-{1\over 4},-{1\over 2}]$ at the 9 equidistant points on [-1,1]. Figure 1a and Figure 1b show the function and its polynomial interpolant, respectively the function and its classical rational interpolant in $\Rscr_{4,4}$, while in Figure 2a and Figure 2b our interpolants with 2, respectively 4 attached poles are graphed, again together with the function. It is clear that, from an approximation point of view, our interpolant is vastly superior to the polynomial and the rational interpolants in [20, p. 281]. Table 1 lists errors and pole locations: the first column gives the number Pof poles, the second the maximal error, the third and fourth one pole from each pair of conjugate complex poles and the fifth the modulus $\mathop{\hbox{\rm abs}}(c_i)$ of ci in (5) for the corresponding poles.

\includegraphics[height=4.0in,trim=177 0 177 0]{}

Figure 1a.

\includegraphics[height=4.0in,trim=177 0 177 0]{}

Figure 1b.

Table 1: Results for Example 2
P max error Re(zi) Im(zi) abs(ci)
0 .479296      
2 .387673E-01 .151498 .302879 3.803
4 .239559E-01 -.454952 .406143 .4450
    .202325 .163394 1.148

Table 2: Example 3, errors for classical rational interpolation
N P equidist. Cebysev
7 2 .1937E01 .5212E01
  4 .3826 .1416
  6 .5998E-02 .8739
15 2 .4990 .2340
  4 .2448E-01 .1014E-02
  6 .3113E-03 .1352E-04
  8 .7052E-06 .3452E-07
31 2 .2355E-01 .6927E-02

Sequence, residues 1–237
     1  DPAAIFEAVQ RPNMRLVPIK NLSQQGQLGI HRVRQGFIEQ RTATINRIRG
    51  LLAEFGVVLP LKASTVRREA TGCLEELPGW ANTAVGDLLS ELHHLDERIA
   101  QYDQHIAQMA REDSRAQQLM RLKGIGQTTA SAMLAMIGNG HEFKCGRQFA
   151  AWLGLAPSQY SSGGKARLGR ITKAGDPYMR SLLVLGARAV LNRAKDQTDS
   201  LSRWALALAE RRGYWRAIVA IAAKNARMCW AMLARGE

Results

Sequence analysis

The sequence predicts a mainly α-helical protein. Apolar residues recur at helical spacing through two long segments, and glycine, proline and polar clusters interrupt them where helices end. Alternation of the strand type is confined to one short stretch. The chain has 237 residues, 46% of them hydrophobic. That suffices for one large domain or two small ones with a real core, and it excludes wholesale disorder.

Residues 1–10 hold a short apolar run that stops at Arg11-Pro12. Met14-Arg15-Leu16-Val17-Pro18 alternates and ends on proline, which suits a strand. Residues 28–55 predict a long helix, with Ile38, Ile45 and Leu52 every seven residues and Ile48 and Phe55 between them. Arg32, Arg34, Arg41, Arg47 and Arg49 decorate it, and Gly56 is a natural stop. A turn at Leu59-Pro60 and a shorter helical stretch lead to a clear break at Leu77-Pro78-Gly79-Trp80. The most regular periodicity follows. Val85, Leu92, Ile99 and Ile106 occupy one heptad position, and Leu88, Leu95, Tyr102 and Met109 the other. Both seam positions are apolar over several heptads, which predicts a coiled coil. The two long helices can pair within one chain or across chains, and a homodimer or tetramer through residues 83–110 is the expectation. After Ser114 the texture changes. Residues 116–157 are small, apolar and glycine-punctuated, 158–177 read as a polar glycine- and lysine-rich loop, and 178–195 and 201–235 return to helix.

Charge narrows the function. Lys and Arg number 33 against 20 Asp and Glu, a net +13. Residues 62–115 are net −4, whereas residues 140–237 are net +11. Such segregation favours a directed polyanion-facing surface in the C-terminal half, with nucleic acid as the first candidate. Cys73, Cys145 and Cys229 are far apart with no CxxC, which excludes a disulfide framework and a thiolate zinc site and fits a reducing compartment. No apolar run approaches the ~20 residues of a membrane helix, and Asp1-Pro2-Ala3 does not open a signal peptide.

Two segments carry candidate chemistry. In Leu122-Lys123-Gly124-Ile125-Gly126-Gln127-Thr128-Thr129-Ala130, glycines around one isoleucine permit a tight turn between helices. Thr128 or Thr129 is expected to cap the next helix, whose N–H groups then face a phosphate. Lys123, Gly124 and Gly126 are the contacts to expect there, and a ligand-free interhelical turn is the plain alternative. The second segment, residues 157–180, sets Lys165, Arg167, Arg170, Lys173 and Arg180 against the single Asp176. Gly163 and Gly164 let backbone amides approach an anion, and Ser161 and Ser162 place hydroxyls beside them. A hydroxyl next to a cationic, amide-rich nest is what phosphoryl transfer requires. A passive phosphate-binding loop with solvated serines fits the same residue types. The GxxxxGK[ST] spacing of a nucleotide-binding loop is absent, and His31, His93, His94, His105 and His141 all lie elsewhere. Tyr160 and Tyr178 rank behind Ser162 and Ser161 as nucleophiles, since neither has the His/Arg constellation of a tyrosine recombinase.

4 .2132E-03 .1692E-06
  6 .1493E-05 .7481E-09
  8 .3160E-08 .1372E-11
63 2 .2500E-04 .9849E-08
  4 .3115E-07 .7477E-14
  6 .6136E-12 .6844E-18

Table 3: Results for Example 3, equidistant points
N P max error Re(zi) Im(zi) abs(ci)  
7 0 2.00705        
  2 .557636 -.846124 .220082 3.021  
  4 .5086E-03 -1.068126 .321507E-01 .2729  
      -.312498E-03 .200091 10.78  
  6 .871959E-05 -1.094751 .133455E-01 1.142E-03  
      -.295555E-06 .199999 14.14  
      -1.099497 .610652E-01 9.286E-04  
15 0 8.10977        
  2 .108660 -1.41066E-02 .112443 326.6  
  4 .129434E-04 -.324645E-05 .200002 406.2  
      -1.083496 .275526E-01 .1252  
  6 .942704E-06 -.568190E-07 .200000 553.6  
      -1.098424 .226468E-01 8.115E-04  
      -1.133404 .570938E-01 2.311E-04  
  8 .167838E-07 -.552288E-12 .200000 713.7  
      -1.125287 .173849E-01 4.644E-07  
      -1.101591 .103767E-01 4.545E-07  
      -1.122610 .557111E-01 9.178E-07  
31 0 2623.53        
  2 .171958E-02 -1.217508E-06 .200000 2.864E05  
  4 .123776E-06 -1.099067 .228277E-01 1.095E-02  
      -.990894E-10 .200000 3.576E05  
  6 .419991E-07 -.131845E-09 .200000 1.131E06  
      -1.100112 .223975E-01 2.515E-02  
      -.9650369 1.497751 1.692E-04  
  8 .204998E-09 .973004E-15 .200000 7.736E05  
      -1.213014 .411931E-01 9.748E-08  
      -1.147001 .224904E-03 2.780E-07  
      -1.129839 .206229E-01 4.406E-07  
63 0 .152604E09        
  2 .752845E-06 .112984E-15 .200000 1.431E11  
  4 .485318E-10 .391884E-18 .200000 1.832E11  
      -1.113237 .180890E-01 113.5  
  6 .768149E-12 -.207903E-20 .200000 2.453E11  
      -1.130093 .247649E-01 231.8  
      -1.122707 .677363E-02 238.0  

\includegraphics[height=4.0in,trim=115 0 115 0]{}

Figure 2a.

\includegraphics[height=4.0in,trim=115 0 115 0]{}

Figure 2b.